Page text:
Strange title isn’t it? Don’t worry, I’ll explain.
No matter how committed we are for lean and agile principles and methods, there are environments and situations where it is required that the project in fact operates, from a certain point of view, in a waterfall style.
I’m speaking more of the higher granularity of work packages, like a release plan, or a commitment for delivering a fixed set of features in several months’ time for a fixed deadline. There can be various reasons to this, mostly product management related:
- Contractual obligations (typical in consulting or outsourcing type of projects)
- Sales people pushing to make longer term commitments to customers
- Upper management wishing to do quarterly or yearly planning of expected revenues from new software
- Competitive pressure to deliver X, Y, Z functionality by a certain date for either catching up with competitors or getting competitive advantage
We kind-of all know that this is a wrong approach, as a steady flow and frequent, agile delivery of new features is more efficient in the long term. However, especially in large organizations, it is either impossible to get the buy-in of all the stakeholders (like sales people, upper management, shareholders etc.) into this way of thinking, or even if all of this is given, there are situations where it is simply too tempting to say things like “in the next year we’ll create a much better, redesigned version of our software product”.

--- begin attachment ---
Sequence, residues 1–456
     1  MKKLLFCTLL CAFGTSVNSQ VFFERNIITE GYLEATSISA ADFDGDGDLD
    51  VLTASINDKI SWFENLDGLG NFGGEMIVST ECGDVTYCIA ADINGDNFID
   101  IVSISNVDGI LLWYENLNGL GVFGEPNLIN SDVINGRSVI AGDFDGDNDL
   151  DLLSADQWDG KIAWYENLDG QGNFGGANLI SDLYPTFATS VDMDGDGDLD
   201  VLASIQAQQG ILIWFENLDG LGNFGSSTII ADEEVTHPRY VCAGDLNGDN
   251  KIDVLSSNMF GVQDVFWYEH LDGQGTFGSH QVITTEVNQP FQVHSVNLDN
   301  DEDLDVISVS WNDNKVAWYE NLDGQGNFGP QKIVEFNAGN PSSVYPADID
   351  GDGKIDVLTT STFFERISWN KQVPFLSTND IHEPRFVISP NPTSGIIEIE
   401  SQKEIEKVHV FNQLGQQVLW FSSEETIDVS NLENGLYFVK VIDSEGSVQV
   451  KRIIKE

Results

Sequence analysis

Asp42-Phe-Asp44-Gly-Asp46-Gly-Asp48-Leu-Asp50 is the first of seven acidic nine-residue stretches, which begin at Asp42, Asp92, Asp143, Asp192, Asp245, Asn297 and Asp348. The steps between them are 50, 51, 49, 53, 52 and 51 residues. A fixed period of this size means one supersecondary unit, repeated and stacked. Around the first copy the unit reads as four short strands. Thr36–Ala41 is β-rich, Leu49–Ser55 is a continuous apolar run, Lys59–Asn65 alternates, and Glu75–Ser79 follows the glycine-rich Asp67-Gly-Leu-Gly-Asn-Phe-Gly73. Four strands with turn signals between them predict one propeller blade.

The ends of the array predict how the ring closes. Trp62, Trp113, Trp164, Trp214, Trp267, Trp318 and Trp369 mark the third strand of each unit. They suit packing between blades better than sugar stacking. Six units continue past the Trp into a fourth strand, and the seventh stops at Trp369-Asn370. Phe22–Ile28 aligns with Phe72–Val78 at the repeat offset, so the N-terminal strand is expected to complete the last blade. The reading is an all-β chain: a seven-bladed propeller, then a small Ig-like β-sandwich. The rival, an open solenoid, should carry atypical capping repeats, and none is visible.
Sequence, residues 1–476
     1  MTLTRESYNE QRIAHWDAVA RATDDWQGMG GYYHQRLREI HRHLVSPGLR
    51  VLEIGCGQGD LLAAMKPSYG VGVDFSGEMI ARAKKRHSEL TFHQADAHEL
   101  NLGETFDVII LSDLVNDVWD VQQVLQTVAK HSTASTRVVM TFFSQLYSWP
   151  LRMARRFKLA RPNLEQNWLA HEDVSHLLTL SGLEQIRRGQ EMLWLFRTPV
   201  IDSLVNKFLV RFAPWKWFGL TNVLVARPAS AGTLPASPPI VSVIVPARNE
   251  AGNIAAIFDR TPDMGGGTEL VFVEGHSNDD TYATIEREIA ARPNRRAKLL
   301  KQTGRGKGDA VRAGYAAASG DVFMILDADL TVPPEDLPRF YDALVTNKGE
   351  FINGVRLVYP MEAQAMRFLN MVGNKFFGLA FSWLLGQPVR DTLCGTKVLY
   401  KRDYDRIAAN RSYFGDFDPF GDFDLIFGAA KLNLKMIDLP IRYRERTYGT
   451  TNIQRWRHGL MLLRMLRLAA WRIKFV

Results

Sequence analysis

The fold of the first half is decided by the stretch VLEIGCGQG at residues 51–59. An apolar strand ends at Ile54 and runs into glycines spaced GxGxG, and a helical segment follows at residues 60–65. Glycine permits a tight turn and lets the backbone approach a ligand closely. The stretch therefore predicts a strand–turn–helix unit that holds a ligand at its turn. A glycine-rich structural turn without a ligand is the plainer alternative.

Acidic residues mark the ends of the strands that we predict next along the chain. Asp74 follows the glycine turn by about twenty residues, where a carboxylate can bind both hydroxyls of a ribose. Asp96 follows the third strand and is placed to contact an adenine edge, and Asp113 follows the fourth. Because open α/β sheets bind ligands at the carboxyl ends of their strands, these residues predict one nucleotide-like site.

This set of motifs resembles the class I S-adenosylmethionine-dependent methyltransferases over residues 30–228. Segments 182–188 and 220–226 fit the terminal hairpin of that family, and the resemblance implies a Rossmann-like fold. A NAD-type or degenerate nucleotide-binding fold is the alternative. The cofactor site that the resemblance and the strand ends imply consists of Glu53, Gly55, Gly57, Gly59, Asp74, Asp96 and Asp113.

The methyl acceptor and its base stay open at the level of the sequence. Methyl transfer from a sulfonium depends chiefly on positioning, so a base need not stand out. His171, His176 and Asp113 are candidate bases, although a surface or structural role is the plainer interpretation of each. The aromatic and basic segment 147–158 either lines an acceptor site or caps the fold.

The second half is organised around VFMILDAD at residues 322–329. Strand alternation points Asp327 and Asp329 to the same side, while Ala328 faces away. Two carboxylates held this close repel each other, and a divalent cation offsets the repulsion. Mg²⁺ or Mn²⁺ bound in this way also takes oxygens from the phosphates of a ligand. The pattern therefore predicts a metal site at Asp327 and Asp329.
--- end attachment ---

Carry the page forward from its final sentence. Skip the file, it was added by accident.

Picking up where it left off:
So what can we do in such situations?
My theory is that Scrum does not fit this kind of environments well. If you have, let’s say, a big release of 6 months involving multiple teams, the temptation is too big to have procrastination (regarding specifications, architecture and design, figuring out all the dependencies across sub-teams) at the beginning of the release cycle, and a big hurry (“all hands on deck”) towards the end. Especially in the end-game, things are changing so fast (when all the pieces have to fit together) that it is a luxury to change the plan only every 2 or 4 weeks, and many times it is simply impossible to plan a sprint when you know that tomorrow or the day after you get a new drop of another team’s work or a last minute design change that will screw up half of what you are doing.
Therefore, I believe, and experience has shown during my team’s work in the recent months as well, that Kanban serves agile projects under a waterfall-type umbrella much better. You don’t have the frustration of “I can’t do proper sprint planning under these circumstances” and “Impossible to estimate tasks when there are too many unknowns” and “Why do you want to change my sprint backlog every day?”, but have a method that just works.
Tasks coming and going every day, no problem.